Binge drinking is a huge problem on college campuses. Classified as a pattern of drinking that brings blood alcohol concentration (BAC) levels to 0.08 g/dL in a period of two hours, more than 1 in 3 college students admit to binge drinking. This typically happens after 4 drinks for women and 5 drinks for men in a two-hour timeframe. This activity can lead to harmful consequences. Roughly 1,825 college students between the ages of 18 and 24 die from alcohol-related unintentional injuries, including motor vehicle accidents and falls. Around 696,000 students experience an assault at the hands of another student who has been drinking, and 97,000 report an alcohol-related sexual assault or date rape. Academic problems become a concern, and 20 percent of college students meet criteria for an Alcohol Use Disorder (AUD).

Drinking and substance use is dangerous in so many ways. It may seem fun at first, but if your child or loved one is drinking or using a substance to excess they may need help. Substance overdoses can lead to permanent injury, brain damage, and even death and it’s important that concerns don’t go unaddressed. There are counseling centers on college campuses that can provide assistance to students who are struggling, and if students are unwilling to disclose there are resources available for their parents and guardians to find support and determine the next steps to aid them in getting help. Speaking to professionals at programs like Defining Wellness Centers can shed light on behaviors and help parents and guardians to determine if their children are truly struggling with a problem.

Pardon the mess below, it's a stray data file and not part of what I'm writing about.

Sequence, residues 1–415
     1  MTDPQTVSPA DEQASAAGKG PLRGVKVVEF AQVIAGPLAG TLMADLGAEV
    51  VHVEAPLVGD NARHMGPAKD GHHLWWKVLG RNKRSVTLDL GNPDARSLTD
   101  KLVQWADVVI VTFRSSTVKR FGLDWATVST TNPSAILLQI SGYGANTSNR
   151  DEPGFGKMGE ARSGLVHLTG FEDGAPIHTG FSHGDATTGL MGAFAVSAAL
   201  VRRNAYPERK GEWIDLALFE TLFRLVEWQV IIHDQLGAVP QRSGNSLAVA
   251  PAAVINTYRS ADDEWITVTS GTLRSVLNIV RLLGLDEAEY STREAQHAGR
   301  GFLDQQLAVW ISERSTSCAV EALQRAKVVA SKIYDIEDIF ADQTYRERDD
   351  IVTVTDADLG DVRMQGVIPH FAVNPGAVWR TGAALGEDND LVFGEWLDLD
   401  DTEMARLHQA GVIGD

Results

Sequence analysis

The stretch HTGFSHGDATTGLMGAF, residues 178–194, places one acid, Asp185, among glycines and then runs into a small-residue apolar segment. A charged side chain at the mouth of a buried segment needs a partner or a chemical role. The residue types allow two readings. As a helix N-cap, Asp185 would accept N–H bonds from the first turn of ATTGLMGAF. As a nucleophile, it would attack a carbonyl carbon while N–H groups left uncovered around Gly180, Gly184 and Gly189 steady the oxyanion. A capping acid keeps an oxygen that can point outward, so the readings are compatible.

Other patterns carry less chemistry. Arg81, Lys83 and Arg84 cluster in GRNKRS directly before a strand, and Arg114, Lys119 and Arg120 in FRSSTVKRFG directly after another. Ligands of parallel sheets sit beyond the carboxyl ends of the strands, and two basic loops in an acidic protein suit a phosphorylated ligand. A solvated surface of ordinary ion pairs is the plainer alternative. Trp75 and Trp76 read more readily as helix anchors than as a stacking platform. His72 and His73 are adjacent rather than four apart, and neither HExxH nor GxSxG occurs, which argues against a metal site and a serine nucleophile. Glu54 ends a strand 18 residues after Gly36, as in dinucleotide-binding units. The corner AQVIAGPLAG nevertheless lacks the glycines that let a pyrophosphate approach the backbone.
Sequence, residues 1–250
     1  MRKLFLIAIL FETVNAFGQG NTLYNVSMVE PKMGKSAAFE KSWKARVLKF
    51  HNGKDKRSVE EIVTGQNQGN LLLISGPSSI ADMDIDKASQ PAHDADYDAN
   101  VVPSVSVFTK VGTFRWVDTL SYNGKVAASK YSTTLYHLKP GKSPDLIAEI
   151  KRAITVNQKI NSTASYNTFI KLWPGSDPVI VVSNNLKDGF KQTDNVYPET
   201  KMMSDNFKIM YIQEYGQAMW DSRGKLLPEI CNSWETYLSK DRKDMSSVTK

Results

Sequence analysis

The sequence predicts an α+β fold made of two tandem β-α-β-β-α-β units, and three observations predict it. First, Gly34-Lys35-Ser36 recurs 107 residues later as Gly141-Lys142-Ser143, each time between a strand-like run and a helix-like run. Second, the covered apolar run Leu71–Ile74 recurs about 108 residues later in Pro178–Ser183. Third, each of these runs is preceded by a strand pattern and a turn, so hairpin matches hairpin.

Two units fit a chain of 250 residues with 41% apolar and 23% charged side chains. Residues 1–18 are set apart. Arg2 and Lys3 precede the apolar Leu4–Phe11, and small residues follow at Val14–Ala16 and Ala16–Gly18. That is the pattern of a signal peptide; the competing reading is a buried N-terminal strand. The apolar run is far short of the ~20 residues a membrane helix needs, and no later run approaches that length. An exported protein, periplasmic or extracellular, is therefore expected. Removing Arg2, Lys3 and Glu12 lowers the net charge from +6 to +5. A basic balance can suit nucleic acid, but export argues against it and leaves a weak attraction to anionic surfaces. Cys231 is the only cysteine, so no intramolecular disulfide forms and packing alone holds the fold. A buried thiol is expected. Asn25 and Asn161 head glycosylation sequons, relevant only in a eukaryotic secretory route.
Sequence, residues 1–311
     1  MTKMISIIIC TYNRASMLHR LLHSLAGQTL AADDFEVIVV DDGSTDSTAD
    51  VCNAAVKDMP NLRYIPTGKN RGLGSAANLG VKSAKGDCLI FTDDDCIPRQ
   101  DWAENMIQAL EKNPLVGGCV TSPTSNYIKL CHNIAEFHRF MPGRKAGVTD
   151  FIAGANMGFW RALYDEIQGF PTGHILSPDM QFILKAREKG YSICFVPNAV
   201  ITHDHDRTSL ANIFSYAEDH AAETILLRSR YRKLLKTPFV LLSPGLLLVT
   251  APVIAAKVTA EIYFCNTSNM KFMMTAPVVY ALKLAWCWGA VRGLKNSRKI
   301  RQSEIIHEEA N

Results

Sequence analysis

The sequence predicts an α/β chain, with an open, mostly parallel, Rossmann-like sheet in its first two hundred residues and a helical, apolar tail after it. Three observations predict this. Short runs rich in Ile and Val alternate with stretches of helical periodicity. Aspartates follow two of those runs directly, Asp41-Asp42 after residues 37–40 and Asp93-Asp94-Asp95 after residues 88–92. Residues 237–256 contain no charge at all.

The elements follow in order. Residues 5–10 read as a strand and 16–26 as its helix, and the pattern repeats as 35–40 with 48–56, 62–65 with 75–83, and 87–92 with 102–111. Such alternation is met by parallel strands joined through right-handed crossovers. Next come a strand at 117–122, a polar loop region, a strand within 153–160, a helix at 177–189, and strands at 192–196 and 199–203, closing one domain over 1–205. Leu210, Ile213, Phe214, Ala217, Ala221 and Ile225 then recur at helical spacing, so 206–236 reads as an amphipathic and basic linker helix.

Students Getting Help for Addiction

Early intervention can make a world of difference when your child is struggling. The less they use, the less likely there is to be permanent damage. It’s never too early nor too late to get them the help that they need. Addiction is a scary word and you may think that your child would never be susceptible, but addiction doesn’t show any prejudice. It could be that your child was hurt and taking pain medication and developed a dependency, or they could be using legally prescribed study aids to excess to help cope with the stress they’re facing. Either way, these things become dangerous the longer they go on and prolonged use and exposure is traumatic to the body and the brain.

Our medical and clinical treatment teams specialize in working with individuals who have undergone traumatic experiences, including addiction, and work with them to develop a plan to heal. This involves bringing the family into the process as well, as it’s so important that everyone be on the same page moving forward. Please reach out to Defining Wellness Centers today if you have questions or concerns about your child. Trying new things is something to be championed, but when they have the propensity to harm or become dangerous, intervention may be necessary. Our team can guide you in working with your child or loved one so that they can have a positive college experience without fighting an active addiction.

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If you are ready to take the step towards a new life, call Defining Wellness today and learn more about how we can help you.